Scottie remains obsessed by his memory of "Madeleine" and their similarities. He transforms an initially unwilling Judy until she once more resembles Madeleine. Judy agrees to change on the chance that they may finally find happiness together. But Scottie realizes the truth when Judy wears a unique necklace that he remembered from the portrait of Carlotta Valdes. Instead of dinner, Scottie insists on taking Judy to the Mission San Juan Bautista.

There, he reveals that he wants to re-enact the event that led to his madness, admitting that he now knows Madeleine and Judy are the same. Scottie forces her up the bell tower and angrily presses Judy to admit her deceit. Scottie reaches the top, conquering his acrophobia at last. Judy confesses that Gavin had hired her to pose as a possessed Madeleine; Gavin faked the suicide by tossing the body of his already-murdered wife from the bell tower.

Judy pleads to Scottie to forgive her because she loves him. The two embrace when a nun, in shadow, emerges from the trapdoor; startled, Judy steps backward and falls to her death. Scottie stands on the narrow ledge while the nun rings the mission bell.

Read more about this topic:  Vertigo (film)

Other articles related to "plot, plots":

Q-Q Plot - Interpretation
... The points plotted in a Q–Q plot are always non-decreasing when viewed from left to right ... If the two distributions being compared are identical, the Q–Q plot follows the 45° line y = x ... one of the distributions, then the Q–Q plot follows some line, but not necessarily the line y = x ...
Babington Plot - Mary's Imprisonment
... a year after her abdication from the throne of Scotland in 1567, she became the focus of numerous plots and intrigues to restore England to the Catholic fold ... even if the claimant were ignorant of the plot, would be excluded from the line and executed ... of anyone who would benefit from the death of the Queen if a plot against her was discovered ...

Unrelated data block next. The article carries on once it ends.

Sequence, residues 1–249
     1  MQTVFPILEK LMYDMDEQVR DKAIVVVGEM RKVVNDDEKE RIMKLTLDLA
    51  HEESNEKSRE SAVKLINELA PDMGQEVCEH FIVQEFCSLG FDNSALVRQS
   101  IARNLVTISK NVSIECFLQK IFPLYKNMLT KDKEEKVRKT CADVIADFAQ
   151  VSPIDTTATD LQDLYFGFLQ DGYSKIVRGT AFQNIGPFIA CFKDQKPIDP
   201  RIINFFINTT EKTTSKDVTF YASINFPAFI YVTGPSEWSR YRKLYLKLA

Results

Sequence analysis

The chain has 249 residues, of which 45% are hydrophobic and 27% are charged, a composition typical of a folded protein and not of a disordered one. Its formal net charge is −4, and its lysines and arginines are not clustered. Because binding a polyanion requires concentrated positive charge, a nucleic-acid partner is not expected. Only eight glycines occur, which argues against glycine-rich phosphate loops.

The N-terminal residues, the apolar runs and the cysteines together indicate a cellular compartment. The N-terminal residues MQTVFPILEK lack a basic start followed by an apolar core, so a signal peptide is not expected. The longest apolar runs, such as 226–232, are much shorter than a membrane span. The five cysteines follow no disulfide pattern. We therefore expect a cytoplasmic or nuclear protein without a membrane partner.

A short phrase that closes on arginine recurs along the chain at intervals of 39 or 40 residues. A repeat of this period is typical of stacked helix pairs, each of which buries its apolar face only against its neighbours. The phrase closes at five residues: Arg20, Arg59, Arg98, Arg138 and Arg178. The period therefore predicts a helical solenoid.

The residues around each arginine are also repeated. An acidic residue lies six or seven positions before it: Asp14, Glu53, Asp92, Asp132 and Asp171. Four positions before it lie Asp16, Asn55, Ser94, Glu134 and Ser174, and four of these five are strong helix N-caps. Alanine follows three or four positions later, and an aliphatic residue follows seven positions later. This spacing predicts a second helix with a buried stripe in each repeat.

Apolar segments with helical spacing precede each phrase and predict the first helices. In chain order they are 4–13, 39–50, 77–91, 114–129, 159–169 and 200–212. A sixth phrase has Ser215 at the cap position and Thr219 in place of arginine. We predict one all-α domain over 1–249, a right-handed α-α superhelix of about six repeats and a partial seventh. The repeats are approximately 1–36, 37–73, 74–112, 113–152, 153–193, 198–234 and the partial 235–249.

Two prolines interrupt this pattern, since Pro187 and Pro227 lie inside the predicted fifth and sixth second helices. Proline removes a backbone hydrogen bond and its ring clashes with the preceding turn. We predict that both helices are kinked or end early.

Les Misérables - Plot - Volume II – Cosette
... Valjean arrives at Montfermeil on Christmas Eve ... He finds Cosette fetching water in the woods alone and walks with her to the inn ...
Zoltan, Hound Of Dracula (film) - Plot
... Zoltan opens another coffin shaken loose from the crypt, this one holding the body of an innkeeper, Nalder, who once owned the crypt ... Zoltan removes the stake from the innkeeper's chest, reanimating the innkeeper ...
Bresenham's Line Algorithm - Derivation - Algorithm
... plot(x0,y0, x1,y1) dx=x1-x0 dy=y1-y0 D = 2*dy - dx plot(x0,y0) y=y0 for x from x0+1 to x1 if D > 0 y = y+1 plot(x,y) D = D + (2*dy-2*dx) else plot(x,y) D = D + (2*dy ...

Famous quotes containing the word plot:

    The plot was most interesting. It belonged to no particular age, people, or country, and was perhaps the more delightful on that account, as nobody’s previous information could afford the remotest glimmering of what would ever come of it.
    Charles Dickens (1812–1870)

    But, when to Sin our byast Nature leans,
    The careful Devil is still at hand with means;
    And providently Pimps for ill desires:
    The Good Old Cause, reviv’d, a Plot requires,
    Plots, true or false, are necessary things,
    To raise up Common-wealths and ruine Kings.
    John Dryden (1631–1700)

    Ends in themselves, my letters plot no change;
    They carry nothing dutiable; they won’t
    Aspire, astound, establish or estrange.
    Philip Larkin (1922–1986)